This is the right answer to the wrong question

Home-working to cut office costs is the right answer to the wrong question.

 

Focusing on the wrong issues is nothing new. There will always be managers who blindly follow the latest management fashion.

 

Take downsizing. It became popular in the mid-1980s. Between 1987 and 1991, 85% of America’s biggest companies downsized their headcount. The rationale for downsizing was to raise productivity, by bringing in more efficient processes and the better use of technology.

 

Companies lost their way. Managers focused on cutting jobs and costs, instead of productivity increases. Excited by the big costs reductions (which boosted short-term profits), the managers went too far with the red pen. Too many people were laid off. Delta Airlines famously left themselves without enough baggage handlers. AT&T offered early retirement to reduce its headcount. More employees accepted the offer than AT&T had planned, leaving the company short of people with critical skills.

 

Rightsizing replaced downsizing. Companies increased headcount because managers had misunderstood the purpose of downsizing. They’d put cost reduction before productivity gains.

 

We smile at the examples of Delta Airlines and AT&T. Yet many companies are about to repeat the mistake with remote working.

 

 

Your employees work for the 3 S’s

The primary reasons for being employed are status, salary and security. Secondary reasons are, depending on the individual: the challenge, personal growth, expertise, and autonomy.

 

To understand why status, salary, and security are so important, look at what happens when these reasons go, as they do at the end of working life. When a person retires, what do they miss the most? The status of their job: saying they work in a well-known company or industry. The salary: because pensions and normally lower which reduces their purchasing power. And while retired people are free to choose what they do, many people are nervous about having no structure to their day. The security of a clearly defined role has gone.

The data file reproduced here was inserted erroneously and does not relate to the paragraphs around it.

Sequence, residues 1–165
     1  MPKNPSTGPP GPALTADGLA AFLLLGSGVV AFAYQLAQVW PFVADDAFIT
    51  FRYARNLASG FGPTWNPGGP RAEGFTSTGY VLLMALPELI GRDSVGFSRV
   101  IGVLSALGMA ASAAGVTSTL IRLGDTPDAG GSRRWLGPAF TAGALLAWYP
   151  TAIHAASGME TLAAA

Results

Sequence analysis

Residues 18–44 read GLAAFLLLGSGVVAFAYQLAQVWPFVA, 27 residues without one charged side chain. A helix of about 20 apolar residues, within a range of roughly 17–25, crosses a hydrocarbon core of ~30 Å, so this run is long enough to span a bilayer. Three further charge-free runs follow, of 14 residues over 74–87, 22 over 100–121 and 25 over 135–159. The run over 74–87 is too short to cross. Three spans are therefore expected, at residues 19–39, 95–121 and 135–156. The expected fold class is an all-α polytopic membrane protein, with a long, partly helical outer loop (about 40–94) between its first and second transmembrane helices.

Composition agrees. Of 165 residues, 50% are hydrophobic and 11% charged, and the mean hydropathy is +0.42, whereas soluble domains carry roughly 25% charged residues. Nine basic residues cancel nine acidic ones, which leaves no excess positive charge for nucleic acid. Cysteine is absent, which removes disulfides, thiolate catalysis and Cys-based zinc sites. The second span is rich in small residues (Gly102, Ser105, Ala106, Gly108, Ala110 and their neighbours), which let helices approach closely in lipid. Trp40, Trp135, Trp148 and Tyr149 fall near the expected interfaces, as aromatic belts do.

Status, salary, and security are still the primary reasons for being employed.

 

 

Only a handful will actually quit because of remote working

When hot-desking came into fashion, a few people were shocked that there was nowhere to put their plant and photos. Even so, only a few were so upset that they actually quit. People got used to hot-desking.

 

It’s the same now with remote working and home-working. It’s a change. It’s different.

 

The idea of employees walking out en masse because they don’t have an office is a fantasy. It the current economic climate, no more than a handful of employees will leave their job because of it.

 

More importantly, managers spending time on this are focusing on the wrong question. The issue is what being in an office brings, not how to cut office costs. Offices are hubs of vital activity, like global business hubs are.

 

 

Global hubs – like London and New York for finance – exist for good reasons

Financial trading is done online. You can trade from anywhere in the world. So why do thousands of workers flock into global financial hubs like New York and London? The answer gives managers clarity about the purpose of offices. According to research, the top five answers for working in the City of London are:

  1. Career growth and job prospects – status, salary, and security.
  2. Access to highly-skills people and support services – knowledge transfer.
  3. Reputation of working in a top location – status (London looks better on your CV than Liverpool).
  4. Ideas and creativity spread faster – innovation and knowledge transfer.
  5. Doing business with people we know and like – trust.

The sky-high costs of having an office are not actually a major factor.

 

Remote working must replace the factors lost when we are farther away from other people.

 

The right question is one that my clients have answered. And it’s this: when people in our company work remotely, how do we boost their:

  • status,
  • sense of security and trust,
  • the (formal and informal) ways to share know-how and ideas, and
  • pay them a decent salary?

 

The lesson from 1980s downsizing is to get the focus right: productivity, not costs. Cost reduction was a total distraction. Sadly, some senior managers risk making the same mistake with the mass introduction of remote working.

 

 

 

 

 

 

 

 

 

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